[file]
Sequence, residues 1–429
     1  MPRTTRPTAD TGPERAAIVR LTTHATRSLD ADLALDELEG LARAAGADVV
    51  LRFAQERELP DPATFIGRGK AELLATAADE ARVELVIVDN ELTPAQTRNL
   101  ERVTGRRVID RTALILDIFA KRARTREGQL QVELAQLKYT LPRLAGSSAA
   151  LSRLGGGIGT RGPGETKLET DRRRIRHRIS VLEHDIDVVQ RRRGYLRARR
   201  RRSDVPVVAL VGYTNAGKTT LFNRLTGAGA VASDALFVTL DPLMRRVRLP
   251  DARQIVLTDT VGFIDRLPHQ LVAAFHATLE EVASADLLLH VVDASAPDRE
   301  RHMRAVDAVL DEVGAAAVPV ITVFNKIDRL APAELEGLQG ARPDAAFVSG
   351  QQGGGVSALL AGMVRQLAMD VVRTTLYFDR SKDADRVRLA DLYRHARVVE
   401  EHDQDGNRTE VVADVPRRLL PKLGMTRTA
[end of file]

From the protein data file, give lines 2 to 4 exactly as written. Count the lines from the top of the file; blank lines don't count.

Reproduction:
     1  MPRTTRPTAD TGPERAAIVR LTTHATRSLD ADLALDELEG LARAAGADVV
    51  LRFAQERELP DPATFIGRGK AELLATAADE ARVELVIVDN ELTPAQTRNL
   101  ERVTGRRVID RTALILDIFA KRARTREGQL QVELAQLKYT LPRLAGSSAA